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Repeating Mamardashvili | Essay Three – Of Time (Lost)

Tracing the path in Merab Mamardashvili's lectures on Proust I get tangled with every turn of each page. In which time am I reading, am I trying to understand all this. In my present now, or in a past I have not lived. And if in that past, can it even be evoked in this present moment, or am I but stumbling across an imaginary plain.

I keep reminding myself that this is not an academic endeavor. And I keep asking myself, how to start this proposed process of thinking, this proposed life task?

I had planned to take Marcel Proust's À la recherche du temps perdu to the mountains this spring. To start again from the beginning, to take up this parallel and intertwined guidance through that lost time and the search thereof. The process of reading, uninterrupted, in a flow. Not fragmentary but in continuity. Can one unread a book before reading it again? I stare at the volumes, a promise awaiting. And I give in to temptation and turn the first pages, just to be hit, again, by this very first sentence:

'Longtemps, je me suis couché de bonne heure.'

This sentence. To start a work of some thousand pages, with a sentence like this! To imagine that Merab Mamardashvili, who according to Yuri Senokosov, got to know of Proust's À la recherche… in the early sixties in Prague, read this sentence. Might have read this, as so many others, as his first Proustian sentence.

A first sentence of a text, a book, which I say, referring to a book that you either did not read, or cannot read, because it is impossible to get it, / I say, referring to a book that you either haven't read or can't read, because it's impossible to get it, / I'm talking, referring to a book you either haven't read or can't read because it's impossible to get hold of, (1/1984_85) appears to have been unattainable to most of Merab Mamardashvili's audience. I imagine the weight of such a book, such books, when one has gotten ahold of them despite the obstacles, I imagine one's eyes searching, word after word, how must that feel?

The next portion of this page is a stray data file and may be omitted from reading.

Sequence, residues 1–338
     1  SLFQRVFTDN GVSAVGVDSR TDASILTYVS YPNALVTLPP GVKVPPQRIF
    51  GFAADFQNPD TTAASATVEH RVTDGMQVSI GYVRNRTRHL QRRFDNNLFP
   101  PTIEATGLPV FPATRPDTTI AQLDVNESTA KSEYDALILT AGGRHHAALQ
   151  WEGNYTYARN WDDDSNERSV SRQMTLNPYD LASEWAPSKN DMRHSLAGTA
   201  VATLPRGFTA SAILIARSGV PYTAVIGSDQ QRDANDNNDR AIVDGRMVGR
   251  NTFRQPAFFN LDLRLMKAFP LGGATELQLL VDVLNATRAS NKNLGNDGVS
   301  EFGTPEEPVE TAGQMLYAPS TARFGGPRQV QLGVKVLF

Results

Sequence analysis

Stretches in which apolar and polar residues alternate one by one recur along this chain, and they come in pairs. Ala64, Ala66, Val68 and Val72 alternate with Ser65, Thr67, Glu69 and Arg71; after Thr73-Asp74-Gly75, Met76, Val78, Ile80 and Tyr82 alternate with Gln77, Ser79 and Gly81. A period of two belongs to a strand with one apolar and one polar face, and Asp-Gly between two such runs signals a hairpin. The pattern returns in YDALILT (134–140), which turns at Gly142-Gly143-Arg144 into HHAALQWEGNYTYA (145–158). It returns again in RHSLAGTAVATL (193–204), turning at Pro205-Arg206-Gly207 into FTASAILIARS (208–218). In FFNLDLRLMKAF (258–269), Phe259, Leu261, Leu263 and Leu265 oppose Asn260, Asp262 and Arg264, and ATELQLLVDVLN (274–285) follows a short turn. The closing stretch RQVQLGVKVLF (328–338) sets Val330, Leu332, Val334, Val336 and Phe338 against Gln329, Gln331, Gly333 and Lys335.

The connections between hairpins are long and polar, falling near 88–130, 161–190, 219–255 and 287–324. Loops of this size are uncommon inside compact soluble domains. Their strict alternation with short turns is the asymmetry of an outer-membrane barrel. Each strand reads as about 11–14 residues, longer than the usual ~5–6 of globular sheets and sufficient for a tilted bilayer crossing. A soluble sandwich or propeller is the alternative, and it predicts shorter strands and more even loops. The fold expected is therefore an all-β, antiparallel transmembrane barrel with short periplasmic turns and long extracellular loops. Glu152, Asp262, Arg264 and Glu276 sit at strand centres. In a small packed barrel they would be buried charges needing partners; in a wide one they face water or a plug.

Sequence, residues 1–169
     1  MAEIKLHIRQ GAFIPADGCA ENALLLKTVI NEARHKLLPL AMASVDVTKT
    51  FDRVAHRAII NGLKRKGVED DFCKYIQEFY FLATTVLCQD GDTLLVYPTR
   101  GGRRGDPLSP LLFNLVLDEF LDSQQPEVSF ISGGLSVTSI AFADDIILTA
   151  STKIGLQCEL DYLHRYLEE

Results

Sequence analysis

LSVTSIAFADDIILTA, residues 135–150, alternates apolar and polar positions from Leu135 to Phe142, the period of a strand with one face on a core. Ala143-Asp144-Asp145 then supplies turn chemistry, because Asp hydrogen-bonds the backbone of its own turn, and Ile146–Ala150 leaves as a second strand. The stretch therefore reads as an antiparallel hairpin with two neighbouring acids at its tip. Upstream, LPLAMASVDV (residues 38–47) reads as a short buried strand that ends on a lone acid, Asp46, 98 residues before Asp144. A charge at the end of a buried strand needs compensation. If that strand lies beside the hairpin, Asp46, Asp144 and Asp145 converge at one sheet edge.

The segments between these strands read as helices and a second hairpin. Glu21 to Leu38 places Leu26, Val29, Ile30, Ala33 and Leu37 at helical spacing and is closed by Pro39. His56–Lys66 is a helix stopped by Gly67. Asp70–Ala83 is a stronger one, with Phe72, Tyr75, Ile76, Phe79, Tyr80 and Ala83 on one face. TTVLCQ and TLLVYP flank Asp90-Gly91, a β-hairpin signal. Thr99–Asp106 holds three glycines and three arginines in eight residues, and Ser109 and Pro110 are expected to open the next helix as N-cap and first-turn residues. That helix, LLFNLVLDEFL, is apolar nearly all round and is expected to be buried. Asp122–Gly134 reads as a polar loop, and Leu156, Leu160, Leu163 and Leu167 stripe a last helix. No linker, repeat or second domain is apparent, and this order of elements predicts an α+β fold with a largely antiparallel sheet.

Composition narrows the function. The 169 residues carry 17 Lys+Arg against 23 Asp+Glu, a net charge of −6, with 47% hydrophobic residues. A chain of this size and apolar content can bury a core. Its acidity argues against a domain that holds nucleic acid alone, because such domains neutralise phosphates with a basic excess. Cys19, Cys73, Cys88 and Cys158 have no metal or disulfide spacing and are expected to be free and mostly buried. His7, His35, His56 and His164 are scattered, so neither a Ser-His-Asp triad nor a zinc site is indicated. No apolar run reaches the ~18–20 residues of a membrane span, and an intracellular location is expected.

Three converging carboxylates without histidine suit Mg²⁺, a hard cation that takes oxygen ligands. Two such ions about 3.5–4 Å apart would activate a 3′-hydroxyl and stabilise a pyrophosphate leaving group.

'Longtemps, je me suis couché de bonne heure.'

In his editor's introduction Yuri Senokosov states that 'я видел его неоднократно с томиком галлимаровского Пруста и дома, и на пляже в Пицунде, где мы часто отдыхали,' [I saw him repeatedly with a volume of Gallimard's Proust at home and on the beach in Pitsunda, where we often rested,] so I imagine those beaches and I wonder if the mountains will do, but then, I can not go to Pitsunda and even if I could, I can not go to Pitsunda of that time past.

So, I will take Proust to the mountains. And I am thinking that I would like to contradict this beginning of beginnings. I would like to go to sleep late. As late as possible. And spend the nights within those books. Creating a hiatus of sorts, making up for all time (lost). Not catching up with the past, but living, reading and writing within my own present becoming past. Until bright daylight. In good time.

 

Proust, Marcel. A la Recherche du Temps perdu. Du Côté de chez Swann. Paris: Gallimard, 1946.
Сенокосов, Ю.П.. От редактора. in: Мамардашвили, Мераб. Лекции о Прусте (психологическая топология пути). Москва: Ad Marginem, 1995. (Редакторы: Е.В. Ознобкина, И.К. Мамардашвипи, Ю.П. Сенокосов)
Lectures 1984_85:
Мамардашвили, Мераб. Психологическая топология пути. Москва: Фонд Мераба Мамардашвили, 2014. (Редактор: Е.М. Мамардашвили)
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Author: Katharina Stadler